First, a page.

The pthread_cond_signal subroutine wakes up at least one thread that is currently blocked on the specified condition. The awoken thread is chosen according to the scheduling policy; it is the thread with the most-favored scheduling priority (see Scheduling Policy and Priority). It may happen on multiprocessor systems, or some non-AIX systems, that more than one thread is awakened. Do not assume that this subroutine wakes up exactly one thread.

The pthread_cond_broadcast subroutine wakes up every thread that is currently blocked on the specified condition. However, a thread can start waiting on the same condition just after the call to the subroutine returns.

A call to these routines always succeeds, unless an invalid cond parameter is specified. This does not mean that a thread has been awakened. Furthermore, signaling a condition is not remembered by the library. For example, consider a condition C. No thread is waiting on this condition. At time t, thread 1 signals the condition C. The call is successful although no thread is awakened. At time t+1, thread 2 calls the pthread_cond_wait subroutine with C as cond parameter. Thread 2 is blocked. If no other thread signals C, thread 2 may wait until the process terminates.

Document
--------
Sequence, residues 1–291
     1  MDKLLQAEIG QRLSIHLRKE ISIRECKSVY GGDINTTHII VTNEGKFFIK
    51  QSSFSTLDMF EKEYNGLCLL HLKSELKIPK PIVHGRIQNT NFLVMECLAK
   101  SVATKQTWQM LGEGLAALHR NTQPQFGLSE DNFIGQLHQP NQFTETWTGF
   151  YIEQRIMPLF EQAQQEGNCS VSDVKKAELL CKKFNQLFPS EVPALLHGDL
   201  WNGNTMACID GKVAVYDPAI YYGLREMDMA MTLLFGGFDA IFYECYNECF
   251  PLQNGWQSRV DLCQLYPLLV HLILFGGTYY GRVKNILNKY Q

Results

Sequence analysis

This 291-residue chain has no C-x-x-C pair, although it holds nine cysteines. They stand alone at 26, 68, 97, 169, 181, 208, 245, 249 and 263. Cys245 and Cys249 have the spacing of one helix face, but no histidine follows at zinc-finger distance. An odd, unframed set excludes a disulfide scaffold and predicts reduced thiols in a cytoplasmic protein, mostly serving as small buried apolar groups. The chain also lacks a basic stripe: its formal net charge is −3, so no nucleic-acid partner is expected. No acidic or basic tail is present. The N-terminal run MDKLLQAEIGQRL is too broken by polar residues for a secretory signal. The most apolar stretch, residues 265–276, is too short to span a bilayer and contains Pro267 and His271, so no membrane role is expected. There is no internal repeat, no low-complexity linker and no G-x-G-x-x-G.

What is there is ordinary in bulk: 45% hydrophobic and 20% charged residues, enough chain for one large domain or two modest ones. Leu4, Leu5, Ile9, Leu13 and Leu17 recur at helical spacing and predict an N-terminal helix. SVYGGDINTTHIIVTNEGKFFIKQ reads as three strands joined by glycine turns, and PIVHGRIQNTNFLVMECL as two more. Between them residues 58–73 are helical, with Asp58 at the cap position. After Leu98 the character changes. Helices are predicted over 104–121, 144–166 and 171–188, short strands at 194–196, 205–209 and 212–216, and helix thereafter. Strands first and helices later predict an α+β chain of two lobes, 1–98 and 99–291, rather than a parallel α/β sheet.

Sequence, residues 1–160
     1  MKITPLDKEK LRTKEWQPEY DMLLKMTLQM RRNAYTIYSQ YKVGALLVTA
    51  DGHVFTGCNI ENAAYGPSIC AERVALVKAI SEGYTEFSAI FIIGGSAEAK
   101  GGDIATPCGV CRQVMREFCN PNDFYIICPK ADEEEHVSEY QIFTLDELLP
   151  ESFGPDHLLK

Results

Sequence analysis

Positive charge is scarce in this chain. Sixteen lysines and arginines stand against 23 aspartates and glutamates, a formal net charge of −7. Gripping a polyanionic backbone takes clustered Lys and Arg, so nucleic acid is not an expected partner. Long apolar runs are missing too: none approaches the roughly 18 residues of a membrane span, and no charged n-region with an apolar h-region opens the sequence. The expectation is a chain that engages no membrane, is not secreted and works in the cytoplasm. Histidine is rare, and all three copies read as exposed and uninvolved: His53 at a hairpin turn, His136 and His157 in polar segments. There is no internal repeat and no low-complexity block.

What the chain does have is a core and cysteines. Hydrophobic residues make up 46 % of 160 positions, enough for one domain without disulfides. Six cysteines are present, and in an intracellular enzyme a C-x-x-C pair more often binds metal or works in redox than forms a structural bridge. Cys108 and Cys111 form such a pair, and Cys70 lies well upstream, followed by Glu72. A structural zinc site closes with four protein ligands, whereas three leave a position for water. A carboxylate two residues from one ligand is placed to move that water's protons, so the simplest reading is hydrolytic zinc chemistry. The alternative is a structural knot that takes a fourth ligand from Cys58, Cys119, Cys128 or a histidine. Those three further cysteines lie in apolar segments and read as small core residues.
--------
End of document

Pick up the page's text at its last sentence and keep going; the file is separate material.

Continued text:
You can avoid this kind of deadlock by checking the EBUSY error code returned by the pthread_cond_destroy subroutine when destroying the condition variable, as in the following code fragment:

The pthread_yield subroutine gives the opportunity to another thread to be scheduled; for example, one of the awoken threads. For more information about the pthread_yield subroutine.